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Project Notes

#038 ElectretADC

Use an Arduino to read the amplified signal from an electret microphone.


The electret microphone is biased to about 1V, and the AC component of the signal tapped via C1.

The microphone signal is then fed to the LM324 set for a non-inverting DC gain of 23 to convert it to a full range analog input.

G = 1 + Ra1/Ra2 = 1 + 22/1 = 23

Although the LM324 is not particularly specialised for audio applications, it works OK for a quick test. I’ll probably redo this when I have an LM386 Low Voltage Audio Power Amplifier available.

The amplified signal is read by the Arduino and plotted with LEAP#090 PlotNValues (a simple Processing sketch).

Here is a sample. The lower trace is the mic signal presented to the non-inverting input, the upper trace is the amplified signal output from the OpAmp:

processing trace


The Breadboard

The Schematic

The Build

NB: for simplicity, the circuit is powered from the Arduino 5V pin. That works fine, although it is equally possible to use a separate power supply (but ensuring there is a common ground connection).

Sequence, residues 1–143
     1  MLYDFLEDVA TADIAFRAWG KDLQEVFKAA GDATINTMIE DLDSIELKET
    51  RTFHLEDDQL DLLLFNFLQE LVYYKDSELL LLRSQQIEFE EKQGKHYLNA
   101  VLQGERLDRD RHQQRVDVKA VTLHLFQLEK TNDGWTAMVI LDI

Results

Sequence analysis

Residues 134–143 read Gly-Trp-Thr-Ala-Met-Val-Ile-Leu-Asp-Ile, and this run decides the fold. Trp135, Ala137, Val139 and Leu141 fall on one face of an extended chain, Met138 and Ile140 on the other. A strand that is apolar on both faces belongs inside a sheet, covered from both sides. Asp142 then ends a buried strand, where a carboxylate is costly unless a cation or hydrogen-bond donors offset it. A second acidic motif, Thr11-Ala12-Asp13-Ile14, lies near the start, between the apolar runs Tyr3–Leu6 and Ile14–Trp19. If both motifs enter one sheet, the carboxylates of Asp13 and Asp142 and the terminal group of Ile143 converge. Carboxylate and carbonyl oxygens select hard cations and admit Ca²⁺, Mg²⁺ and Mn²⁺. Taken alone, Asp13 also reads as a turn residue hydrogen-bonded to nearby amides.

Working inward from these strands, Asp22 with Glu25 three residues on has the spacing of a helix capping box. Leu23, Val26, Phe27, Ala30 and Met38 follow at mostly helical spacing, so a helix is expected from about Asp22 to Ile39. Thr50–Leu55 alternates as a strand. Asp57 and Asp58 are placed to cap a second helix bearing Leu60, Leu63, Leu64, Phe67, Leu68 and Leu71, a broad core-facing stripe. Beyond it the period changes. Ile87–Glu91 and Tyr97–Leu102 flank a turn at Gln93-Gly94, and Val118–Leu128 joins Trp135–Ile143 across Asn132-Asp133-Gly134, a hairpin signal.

Credits and References

Project Source on GitHub Project Gallery Return to the LEAP Catalog

This page is a web-friendly rendering of my project notes shared in the LEAP GitHub repository.

LEAP is just my personal collection of projects. Two main themes have emerged in recent years, sometimes combined:

  • electronics - usually involving an Arduino or other microprocessor in one way or another. Some are full-blown projects, while many are trivial breadboard experiments, intended to learn and explore something interesting
  • scale modelling - I caught the bug after deciding to build a Harrier during covid to demonstrate an electronic jet engine simulation. Let the fun begin..
To be honest, I haven't quite figured out if these two interests belong in the same GitHub repo or not. But for now - they are all here!

Projects are often inspired by things found wild on the net, or ideas from the many great electronics and scale modelling podcasts and YouTube channels. Feel free to borrow liberally, and if you spot any issues do let me know (or send a PR!). See the individual projects for credits where due.